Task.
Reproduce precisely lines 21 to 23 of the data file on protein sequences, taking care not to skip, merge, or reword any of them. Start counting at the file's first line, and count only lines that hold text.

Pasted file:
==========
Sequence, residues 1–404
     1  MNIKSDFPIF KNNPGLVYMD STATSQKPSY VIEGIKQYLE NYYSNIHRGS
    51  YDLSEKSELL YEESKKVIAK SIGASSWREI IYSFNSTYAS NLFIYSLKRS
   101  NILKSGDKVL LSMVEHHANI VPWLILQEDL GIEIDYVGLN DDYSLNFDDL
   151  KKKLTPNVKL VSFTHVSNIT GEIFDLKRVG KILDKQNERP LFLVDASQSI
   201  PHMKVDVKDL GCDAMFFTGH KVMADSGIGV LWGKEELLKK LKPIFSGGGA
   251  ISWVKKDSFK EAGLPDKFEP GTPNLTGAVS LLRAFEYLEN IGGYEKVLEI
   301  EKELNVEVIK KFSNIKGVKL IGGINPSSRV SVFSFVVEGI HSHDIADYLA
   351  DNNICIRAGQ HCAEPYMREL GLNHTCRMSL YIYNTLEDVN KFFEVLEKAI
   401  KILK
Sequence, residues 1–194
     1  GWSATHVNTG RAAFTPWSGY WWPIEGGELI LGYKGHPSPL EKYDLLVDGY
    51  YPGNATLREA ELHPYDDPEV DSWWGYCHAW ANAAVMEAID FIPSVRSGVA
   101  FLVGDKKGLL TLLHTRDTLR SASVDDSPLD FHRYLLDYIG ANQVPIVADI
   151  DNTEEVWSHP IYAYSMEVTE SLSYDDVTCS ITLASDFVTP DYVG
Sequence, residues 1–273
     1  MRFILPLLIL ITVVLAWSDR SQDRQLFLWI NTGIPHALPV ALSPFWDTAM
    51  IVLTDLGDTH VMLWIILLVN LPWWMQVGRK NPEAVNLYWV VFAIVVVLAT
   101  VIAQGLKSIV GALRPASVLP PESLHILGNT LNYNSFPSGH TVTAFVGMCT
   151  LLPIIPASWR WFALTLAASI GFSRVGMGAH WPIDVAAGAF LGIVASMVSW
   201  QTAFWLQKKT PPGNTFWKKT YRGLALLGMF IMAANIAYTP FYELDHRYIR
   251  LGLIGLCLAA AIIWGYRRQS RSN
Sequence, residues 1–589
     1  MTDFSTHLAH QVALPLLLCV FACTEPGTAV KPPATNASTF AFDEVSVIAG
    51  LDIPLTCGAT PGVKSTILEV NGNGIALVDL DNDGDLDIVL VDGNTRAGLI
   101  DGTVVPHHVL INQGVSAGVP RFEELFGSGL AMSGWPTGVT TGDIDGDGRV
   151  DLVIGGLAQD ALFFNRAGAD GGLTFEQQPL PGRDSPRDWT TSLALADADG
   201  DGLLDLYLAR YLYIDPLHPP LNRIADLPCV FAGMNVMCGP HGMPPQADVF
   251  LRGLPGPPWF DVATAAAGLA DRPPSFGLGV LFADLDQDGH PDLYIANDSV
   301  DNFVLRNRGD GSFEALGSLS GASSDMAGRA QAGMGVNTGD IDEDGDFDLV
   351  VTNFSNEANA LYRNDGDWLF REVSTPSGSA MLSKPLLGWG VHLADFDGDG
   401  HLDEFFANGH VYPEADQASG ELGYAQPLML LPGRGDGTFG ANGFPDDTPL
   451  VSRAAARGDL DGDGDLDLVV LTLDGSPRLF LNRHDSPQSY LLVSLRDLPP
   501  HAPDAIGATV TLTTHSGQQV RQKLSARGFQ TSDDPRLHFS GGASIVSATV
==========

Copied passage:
   201  QTAFWLQKKT PPGNTFWKKT YRGLALLGMF IMAANIAYTP FYELDHRYIR
   251  LGLIGLCLAA AIIWGYRRQS RSN
Sequence, residues 1–589